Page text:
Chera Hammons: Poet and Writer

"…a slow shutter on ambulation…"

Archive for February, 2019

Brief Update

Hello, readers! Please accept my apologies, as I have been dealing with life and its many consequences. Between being busy, there have been migraines and some sickness, some breakdown of appliances (the dishwasher in particular appears to be cursed), and last week, we lost my grandmother to a long illness.

She wasn’t like other grandmothers– I never saw much softness in her– still, until last Tuesday, I had never known a world without her in it, and I have felt disoriented since. She had severe dementia and hadn’t recognized her family members for awhile, so it was really like she had been slipping away slowly for a couple of years, and her passing was simply the next step. But I don’t know if that made it any easier.

She was raised on a red dirt farm in Oklahoma and was one of the toughest people I knew. She was the last of her siblings, the last of her friends. It comforts me that she believed my mother, who cared for often her in her illness, was her own mother towards the end. I like to think that means she felt safe.

I will feel more normal, I suspect, when I can write something about it, but right now, it’s still too soon, and I have learned it is not helpful to rush how one processes loss. Loss is always complicated.

Please check back soon. I will write a real blog entry (a more cheerful one!) again in the next few days. In the meantime, I wish you good writing and good health!

Monarchs of the Northeast Kingdom

Happy Tuesday, friends! I have some great news: I have signed with the wonderful Torrey House Press to publish my suspenseful literary novel Monarchs of the Northeast Kingdom. The novel is set in Northeast Kingdom, Vermont, which is the coldest region in the state. The protagonist is an aging woman who is chronically ill. Like me, she has Lyme disease. When she is abruptly left on her own, she must figure out how to protect her land and what she loves from danger. There are horses, dogs, coyotes, bears, poachers, and all sort of surprises. Readers so far have told me they couldn’t put it down. One reader told me she wants a sequel (okay, I have to be honest– that particular reader was my mom! Seriously, though, my parents are super supportive of my writing, and I appreciate them. Thanks, mom!).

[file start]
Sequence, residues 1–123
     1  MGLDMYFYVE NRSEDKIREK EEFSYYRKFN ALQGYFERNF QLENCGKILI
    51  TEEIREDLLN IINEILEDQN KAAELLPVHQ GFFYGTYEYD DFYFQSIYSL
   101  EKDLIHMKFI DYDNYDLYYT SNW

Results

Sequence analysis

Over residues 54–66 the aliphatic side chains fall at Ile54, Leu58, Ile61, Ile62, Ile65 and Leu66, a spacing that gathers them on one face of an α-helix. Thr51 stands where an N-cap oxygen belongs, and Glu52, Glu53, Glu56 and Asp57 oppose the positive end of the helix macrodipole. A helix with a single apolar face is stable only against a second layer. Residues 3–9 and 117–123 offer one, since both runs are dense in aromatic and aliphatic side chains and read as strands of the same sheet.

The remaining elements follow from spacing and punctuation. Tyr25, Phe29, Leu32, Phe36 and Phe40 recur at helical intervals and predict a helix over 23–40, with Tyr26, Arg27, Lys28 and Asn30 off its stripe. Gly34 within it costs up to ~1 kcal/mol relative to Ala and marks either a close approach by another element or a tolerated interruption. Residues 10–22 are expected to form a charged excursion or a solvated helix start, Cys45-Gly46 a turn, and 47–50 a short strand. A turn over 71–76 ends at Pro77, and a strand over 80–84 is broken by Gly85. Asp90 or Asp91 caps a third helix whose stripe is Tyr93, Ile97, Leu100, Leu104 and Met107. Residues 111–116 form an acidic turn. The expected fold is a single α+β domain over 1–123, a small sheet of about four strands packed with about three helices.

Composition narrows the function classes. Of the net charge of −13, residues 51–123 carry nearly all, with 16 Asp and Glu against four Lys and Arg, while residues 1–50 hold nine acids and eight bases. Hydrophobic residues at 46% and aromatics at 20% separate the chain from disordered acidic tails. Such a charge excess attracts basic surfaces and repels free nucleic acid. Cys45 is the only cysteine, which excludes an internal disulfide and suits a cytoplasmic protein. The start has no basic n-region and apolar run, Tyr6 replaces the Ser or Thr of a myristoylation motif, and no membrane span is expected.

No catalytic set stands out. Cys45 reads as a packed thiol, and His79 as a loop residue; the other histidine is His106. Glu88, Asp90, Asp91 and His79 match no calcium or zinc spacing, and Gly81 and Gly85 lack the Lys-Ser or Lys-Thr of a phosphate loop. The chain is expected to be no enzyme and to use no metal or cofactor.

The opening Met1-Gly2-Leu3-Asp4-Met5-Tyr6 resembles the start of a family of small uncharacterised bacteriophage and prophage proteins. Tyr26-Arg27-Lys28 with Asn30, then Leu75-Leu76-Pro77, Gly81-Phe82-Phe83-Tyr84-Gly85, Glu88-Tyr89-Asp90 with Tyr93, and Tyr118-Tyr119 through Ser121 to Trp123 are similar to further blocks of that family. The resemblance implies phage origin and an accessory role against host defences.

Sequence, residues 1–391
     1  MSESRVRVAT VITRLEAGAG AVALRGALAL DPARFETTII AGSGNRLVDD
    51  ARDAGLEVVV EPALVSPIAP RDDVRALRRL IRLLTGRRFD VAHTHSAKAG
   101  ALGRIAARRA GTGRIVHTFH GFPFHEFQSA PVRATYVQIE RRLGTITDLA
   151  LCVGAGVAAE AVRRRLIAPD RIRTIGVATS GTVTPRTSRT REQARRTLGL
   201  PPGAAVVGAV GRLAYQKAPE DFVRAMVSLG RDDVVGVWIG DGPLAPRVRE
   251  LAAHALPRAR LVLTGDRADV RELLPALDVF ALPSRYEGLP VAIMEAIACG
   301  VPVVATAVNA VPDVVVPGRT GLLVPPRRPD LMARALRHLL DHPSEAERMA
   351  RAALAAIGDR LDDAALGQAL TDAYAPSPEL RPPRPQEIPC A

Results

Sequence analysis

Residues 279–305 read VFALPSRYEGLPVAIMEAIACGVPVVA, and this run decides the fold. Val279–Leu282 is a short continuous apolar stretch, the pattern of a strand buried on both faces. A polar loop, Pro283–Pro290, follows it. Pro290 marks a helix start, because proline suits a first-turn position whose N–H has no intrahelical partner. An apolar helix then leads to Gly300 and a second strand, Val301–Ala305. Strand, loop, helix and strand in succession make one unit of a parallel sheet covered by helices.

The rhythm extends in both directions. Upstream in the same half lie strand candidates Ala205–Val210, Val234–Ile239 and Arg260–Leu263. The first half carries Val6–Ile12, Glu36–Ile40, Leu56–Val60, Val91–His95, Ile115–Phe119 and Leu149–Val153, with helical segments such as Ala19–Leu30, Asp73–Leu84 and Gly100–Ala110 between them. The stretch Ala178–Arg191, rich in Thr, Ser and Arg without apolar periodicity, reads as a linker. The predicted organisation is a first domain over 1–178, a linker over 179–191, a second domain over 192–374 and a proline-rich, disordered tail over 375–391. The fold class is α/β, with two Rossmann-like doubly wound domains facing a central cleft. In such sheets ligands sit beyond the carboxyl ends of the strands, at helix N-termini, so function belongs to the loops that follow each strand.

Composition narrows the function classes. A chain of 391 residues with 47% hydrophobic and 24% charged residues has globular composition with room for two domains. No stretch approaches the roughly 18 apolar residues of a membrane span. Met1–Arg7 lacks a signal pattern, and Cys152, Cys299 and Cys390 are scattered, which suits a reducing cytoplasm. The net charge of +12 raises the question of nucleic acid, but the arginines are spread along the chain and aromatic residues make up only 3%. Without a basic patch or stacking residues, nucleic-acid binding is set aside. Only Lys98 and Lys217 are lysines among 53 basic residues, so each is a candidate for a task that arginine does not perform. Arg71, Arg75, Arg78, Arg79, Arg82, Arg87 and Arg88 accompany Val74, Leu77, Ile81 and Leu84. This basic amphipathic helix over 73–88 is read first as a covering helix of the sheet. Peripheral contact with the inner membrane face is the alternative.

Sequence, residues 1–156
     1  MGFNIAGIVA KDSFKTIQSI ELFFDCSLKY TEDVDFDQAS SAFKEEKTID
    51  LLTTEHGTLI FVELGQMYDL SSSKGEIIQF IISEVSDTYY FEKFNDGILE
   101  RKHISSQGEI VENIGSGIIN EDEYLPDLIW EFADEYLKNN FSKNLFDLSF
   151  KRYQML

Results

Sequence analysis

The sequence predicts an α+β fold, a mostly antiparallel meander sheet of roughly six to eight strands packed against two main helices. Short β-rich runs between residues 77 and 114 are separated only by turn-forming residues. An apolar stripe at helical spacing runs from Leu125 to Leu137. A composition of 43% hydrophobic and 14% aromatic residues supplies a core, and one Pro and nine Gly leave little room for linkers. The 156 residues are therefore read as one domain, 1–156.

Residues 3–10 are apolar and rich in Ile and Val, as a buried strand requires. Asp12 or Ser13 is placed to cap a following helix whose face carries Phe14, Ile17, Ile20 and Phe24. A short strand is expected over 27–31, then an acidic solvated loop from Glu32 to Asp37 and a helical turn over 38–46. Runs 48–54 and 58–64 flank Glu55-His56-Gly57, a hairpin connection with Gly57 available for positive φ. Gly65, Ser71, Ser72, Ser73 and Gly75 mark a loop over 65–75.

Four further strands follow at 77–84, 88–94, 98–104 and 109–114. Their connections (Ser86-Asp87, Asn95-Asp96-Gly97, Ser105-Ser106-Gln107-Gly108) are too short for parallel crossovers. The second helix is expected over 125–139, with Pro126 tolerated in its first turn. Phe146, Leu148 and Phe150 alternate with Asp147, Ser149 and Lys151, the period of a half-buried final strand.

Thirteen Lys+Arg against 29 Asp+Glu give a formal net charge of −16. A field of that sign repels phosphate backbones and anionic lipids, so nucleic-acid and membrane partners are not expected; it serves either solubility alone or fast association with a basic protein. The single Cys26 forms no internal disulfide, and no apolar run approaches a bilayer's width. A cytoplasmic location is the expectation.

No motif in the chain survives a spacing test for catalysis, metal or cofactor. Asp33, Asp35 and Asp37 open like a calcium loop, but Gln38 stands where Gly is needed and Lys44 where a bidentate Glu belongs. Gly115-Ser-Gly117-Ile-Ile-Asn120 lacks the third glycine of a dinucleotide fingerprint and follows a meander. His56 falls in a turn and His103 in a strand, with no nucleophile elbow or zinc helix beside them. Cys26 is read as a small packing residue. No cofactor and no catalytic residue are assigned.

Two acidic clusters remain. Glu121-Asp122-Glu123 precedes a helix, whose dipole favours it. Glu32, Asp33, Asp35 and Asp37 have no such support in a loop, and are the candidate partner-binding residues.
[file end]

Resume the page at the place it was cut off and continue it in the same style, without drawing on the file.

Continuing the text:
My husband Daniel, whose doctoral thesis Animal Ethics and Theology was published by Routledge a few years back, and who currently writes genre ecofiction, first pointed me in the direction of Torrey House, for which I am grateful. I am careful about where I send my manuscripts. My choices largely depend on what I need for the book to accomplish in the world. Everything I read about Torrey House impressed me. Among other things, the press is conscientious, it cares about the same issues I do, it’s run by women (yay!), and the books are all attractively designed. It seemed perfect. So I submitted the book and let time pass, and then I got an email that led to a phone call. I stood at the window and watched the sun set over the canyon while I spoke to an editor about publishing my book.

I am so thrilled this press is willing to give my book a chance. They’ve been amazing to work with and their books are gorgeous and important. Publishing novels has been a lifelong dream of mine. I’ve outlined and begun writing at least twenty novels I’ve never finished over the years; I always got to about 12,000 words and stopped. I’m sometimes too harsh a critic of my own work to write things longer than poems, because I can start to get more and more unhappy with what I’m writing, and then I get discouraged and abandon it. But this time, I told myself I’d finish my novel no matter what. For me, that meant it had to be on point all the way through. And now, miracle of miracles, I will be able to share it with other people. More than that– I hope it will be the first novel of many.

To say I suffer from imposter syndrome would be an understatement. I am one of those unfortunate people who distrusts good news; I always wonder, at first, when I receive some recognition, if it’s a mistake. Right now I have two personally important books coming out at dream presses in 2020 (besides Monarchs at Torrey House, I also have a poetry book– Maps of Injury— forthcoming from Sundress Publications), and I’ve poured so much time, energy, and love into them, I’ve run empty in my daily life a few times. The anxiety is trying to take hold. I keep asking myself, “How can this be?” Right now, 2020 seems like a long way off. Here’s hoping life as we know it (actually, preferably, a better version of it) can continue for at least the next two years or so–

At any rate, I have decided to enjoy the prospect of publications ahead without worrying so much about everything. I decided to write my first novel, and then committed to doing it, so I can decide this, too. I wrote at least 700 words every day when I was writing Monarchs, and those words slowly but surely became a book. Every day that passes now brings it closer to something I can hold in my hand.

To anyone out there, reading this– If you’ve been thinking of writing your own book, but the task seems too daunting– Start small. Set a daily or weekly goal you know you can reach, and don’t quit until you reach it. Start anew every day. You can do this. And guess what? Once you’ve done it once, you’ll know you can do it again.